The most memorable of these occurred during a series curated by Mark MacElhatten. We were showing Stan Brakhage's 'The Act of Seeing with One's Own Eyes,' which, in case you haven't seen it, (and you should see it, btw) is a silent film of an autopsy, shot on 8mm film. It's a bit challenging to watch, for some more than others. At the point in the film when the pathologist is excavating the quivering brain from the cranium, I began to hear faint gurgling noises coming from someone in the audience. Anything that disrupts the silence during that film is something you will definitely notice. Moments later came the sound of a body hitting the floor. I switched on the lights and stopped the film. Groans ensued. A young man had passed out, tumbled from his seat, and was now being hustled into the Main Office, there to be revived with a blast of frigid mid-winter Boston air from the opened window. He gradually assumed an ordinary sanguine hue, instead of the pale green-tinged white one, similar to the guy in the movie.

When he regained full use of his faculties he explained to us that he had been raised in a Fundamentalist Christian household and only just left home to attend college in Boston. It was the first time in his 18 years that he had encountered a community with diverse belief systems and the first time he had been away from the shelter of the unquestioning faith that permeated his home. As he watched the gentleman on the table being disassembled in a manner as routine as one might break down gear after a good day of fishing, it occurred to him that there might not be a soul after all. Man, perhaps, could simply be material. Suddenly, his belief system crumpled-in on its empty core and in the next instant he blacked-out. I do not know the epilogue, we all went back and watched the rest of the film. Perhaps the young man eventually regained his confidence in the eternal persistence of the individual being, I can't say, though it was surely a remarkable evening of entertainment for all who attended.

That was the thing about the BF/VF I remember- it exerted a power of attraction that drew in a peculiar swath of the population at-large. Maybe they were all cultural deviants, I don't know. A lot of them seemed to be on a mission, and BF/VF, even in its decrepitude, still symbolized the pre-Indie notion of the independent filmmaker, that of the intrepid practitioner of the art of self-actualization through self-expression. BF/VF served as a focal point for people with a need to say aloud what dwelled inside, and if necessary even to scream it.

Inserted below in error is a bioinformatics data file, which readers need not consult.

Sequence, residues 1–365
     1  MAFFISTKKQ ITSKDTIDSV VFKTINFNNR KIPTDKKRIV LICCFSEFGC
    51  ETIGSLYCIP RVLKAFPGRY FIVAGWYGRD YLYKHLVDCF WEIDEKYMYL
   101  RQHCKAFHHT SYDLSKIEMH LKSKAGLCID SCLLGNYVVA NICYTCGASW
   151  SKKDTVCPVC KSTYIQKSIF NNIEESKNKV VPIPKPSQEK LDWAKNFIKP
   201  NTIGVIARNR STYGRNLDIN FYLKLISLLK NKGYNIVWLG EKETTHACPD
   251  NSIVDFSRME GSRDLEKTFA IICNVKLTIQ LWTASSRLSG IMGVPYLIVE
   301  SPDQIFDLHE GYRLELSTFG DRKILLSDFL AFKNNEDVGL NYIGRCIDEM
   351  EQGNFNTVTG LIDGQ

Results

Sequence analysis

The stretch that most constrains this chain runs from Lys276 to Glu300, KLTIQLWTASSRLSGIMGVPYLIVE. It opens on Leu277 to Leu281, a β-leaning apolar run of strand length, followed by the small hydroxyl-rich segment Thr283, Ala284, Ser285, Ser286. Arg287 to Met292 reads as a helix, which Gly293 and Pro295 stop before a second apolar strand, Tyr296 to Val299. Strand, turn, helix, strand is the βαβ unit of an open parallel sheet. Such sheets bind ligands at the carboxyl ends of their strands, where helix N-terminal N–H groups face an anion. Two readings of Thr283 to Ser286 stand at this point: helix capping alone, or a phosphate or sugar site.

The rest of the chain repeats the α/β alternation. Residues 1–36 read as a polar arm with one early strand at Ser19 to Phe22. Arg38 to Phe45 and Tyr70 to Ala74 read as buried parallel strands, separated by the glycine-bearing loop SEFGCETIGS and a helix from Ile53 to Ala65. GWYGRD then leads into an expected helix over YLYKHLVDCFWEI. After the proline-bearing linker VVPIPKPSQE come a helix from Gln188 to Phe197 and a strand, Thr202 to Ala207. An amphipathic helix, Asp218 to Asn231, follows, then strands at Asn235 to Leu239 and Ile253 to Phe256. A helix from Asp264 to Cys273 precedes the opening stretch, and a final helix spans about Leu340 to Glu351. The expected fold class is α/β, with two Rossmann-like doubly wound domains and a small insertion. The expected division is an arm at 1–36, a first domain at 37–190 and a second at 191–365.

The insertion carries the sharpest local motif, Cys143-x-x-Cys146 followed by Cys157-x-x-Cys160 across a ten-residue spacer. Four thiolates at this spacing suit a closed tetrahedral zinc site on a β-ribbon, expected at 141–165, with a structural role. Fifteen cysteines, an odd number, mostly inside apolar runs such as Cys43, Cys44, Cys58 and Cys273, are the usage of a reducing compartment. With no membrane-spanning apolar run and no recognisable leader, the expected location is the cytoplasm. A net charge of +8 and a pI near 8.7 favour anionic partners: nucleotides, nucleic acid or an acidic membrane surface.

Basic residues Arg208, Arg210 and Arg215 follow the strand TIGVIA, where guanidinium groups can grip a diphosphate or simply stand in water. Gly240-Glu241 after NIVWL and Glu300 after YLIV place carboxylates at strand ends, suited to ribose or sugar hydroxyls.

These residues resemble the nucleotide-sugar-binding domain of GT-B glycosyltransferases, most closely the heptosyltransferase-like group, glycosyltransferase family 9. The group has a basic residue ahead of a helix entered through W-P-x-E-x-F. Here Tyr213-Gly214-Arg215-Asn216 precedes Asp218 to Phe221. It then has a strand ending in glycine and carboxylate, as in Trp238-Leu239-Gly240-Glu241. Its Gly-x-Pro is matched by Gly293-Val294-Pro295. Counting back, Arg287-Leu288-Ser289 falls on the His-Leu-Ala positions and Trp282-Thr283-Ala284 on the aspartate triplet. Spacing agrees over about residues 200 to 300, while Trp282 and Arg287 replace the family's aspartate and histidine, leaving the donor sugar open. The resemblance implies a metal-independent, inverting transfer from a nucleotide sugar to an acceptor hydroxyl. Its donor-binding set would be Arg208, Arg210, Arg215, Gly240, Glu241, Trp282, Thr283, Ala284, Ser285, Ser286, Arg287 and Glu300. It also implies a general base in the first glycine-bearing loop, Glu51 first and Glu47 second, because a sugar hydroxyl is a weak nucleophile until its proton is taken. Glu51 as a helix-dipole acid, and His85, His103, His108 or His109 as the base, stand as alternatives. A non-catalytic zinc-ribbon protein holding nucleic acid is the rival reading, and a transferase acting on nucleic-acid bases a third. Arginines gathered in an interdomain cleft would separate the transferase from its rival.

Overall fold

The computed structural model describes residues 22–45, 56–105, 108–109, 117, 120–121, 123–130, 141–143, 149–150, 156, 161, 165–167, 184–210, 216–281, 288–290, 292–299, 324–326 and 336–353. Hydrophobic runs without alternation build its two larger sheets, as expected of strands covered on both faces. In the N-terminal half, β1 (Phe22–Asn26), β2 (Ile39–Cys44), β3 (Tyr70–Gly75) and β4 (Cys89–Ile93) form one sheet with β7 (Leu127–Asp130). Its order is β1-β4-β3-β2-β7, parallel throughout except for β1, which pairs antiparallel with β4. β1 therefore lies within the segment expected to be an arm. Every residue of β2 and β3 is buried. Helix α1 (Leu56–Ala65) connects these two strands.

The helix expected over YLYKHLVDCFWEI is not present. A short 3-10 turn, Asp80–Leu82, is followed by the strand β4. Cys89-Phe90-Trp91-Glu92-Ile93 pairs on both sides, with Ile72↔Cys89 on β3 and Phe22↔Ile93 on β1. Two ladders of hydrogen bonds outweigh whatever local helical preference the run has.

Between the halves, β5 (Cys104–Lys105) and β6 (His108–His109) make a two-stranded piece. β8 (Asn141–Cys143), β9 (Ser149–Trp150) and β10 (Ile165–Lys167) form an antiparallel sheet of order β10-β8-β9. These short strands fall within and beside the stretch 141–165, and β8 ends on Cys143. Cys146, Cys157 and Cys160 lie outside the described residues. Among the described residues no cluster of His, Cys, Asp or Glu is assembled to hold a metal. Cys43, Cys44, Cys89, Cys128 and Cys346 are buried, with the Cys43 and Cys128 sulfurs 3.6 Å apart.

One night I was playing around in the paint-box room, Bob Lamm's oasis of exploration that harbored in one lonely room the radical idea that learning should be free. Immersed in the mind-altering effects of my first experience with digital paint software, I hardly noticed when a fellow volunteer appeared at the door. I had often chatted with her during the front-desk shift change and I knew a few key details of her life. She was here, like many BF/VF volunteers, at a turning point in her life, when she would do her best to shake off the residue left over from an involuntary hospitalization for severe depression.

After she got my attention she politely explained,

"I've rented the large screening room for a scream-therapy session. If you hear screaming, don't be alarmed."

Ten minutes later, after a few preternatural warm-up howls, the screaming commenced in earnest: loud blood-curdling screeches that sounded like the devil himself was presiding over the event. After a few minutes, when everyone was taking turns soloing, I tip-toed out into the hallway to go to the men's room. In front of the entry door there was a foam-core placard. Scribbled in large, menacing red, block-letter marker, it read 'Screaming is INTENTIONAL. Do NOT call police. Thank you. –scream therapy workshop coordinator.'

That was only one of the many unusual events that transgressed the boundaries of film and video. I'll leave it to others to fill in the details about other, equally memorable evenings, like the John Wayne Gacy exhibition of sad clown paintings, for instance, and the Joe Coleman explosion and fire performance. Of the latter, I've been told that, when the firemen showed up, they were most disconcerted at the sight of a skinned goat hanging upside-down from a sprinkler pipe. Apparently that is some sort of code violation. At any rate, I didn't attend those events.

Over the years I saw films including:

  • An emaciated anorexic woman who photographed herself with bones.
  • Latex-gloved hands drowning real live white rats in a fish bowl.
  • Dejected Lower East Side twenty-somethings shooting-up.
  • A duck (quack, quack) utilized in a 'sex-act,' very much against its will.
  • A sexually-abused duck being decapitated and having its blood spewed on naked orgiastic revelers.

Don't let me leave you with the wrong idea. It wasn't all depraved. Quite the opposite, it was usually obtuse, but sometimes it was revelatory. I don't think I have had livelier times than those. I learned my craft, I watched the medium being used in ways I didn't think were legal, and I met most of the people that today I consider to be my best friends. Oh—I also managed to have a career working with film and video, which is why I came to BF/VF in the first place.

Clyde Tressler, New York, 2007.


Clyde Tressler is now with Amalgamated Clyde in New York City. He can be reached at clyde@amalgamated-clyde.com

Posted: 28 July 2013
Bob Lamm, SMPTE/New England Newsletter/Web Page Editor
Robert.E.Lamm@gmail.com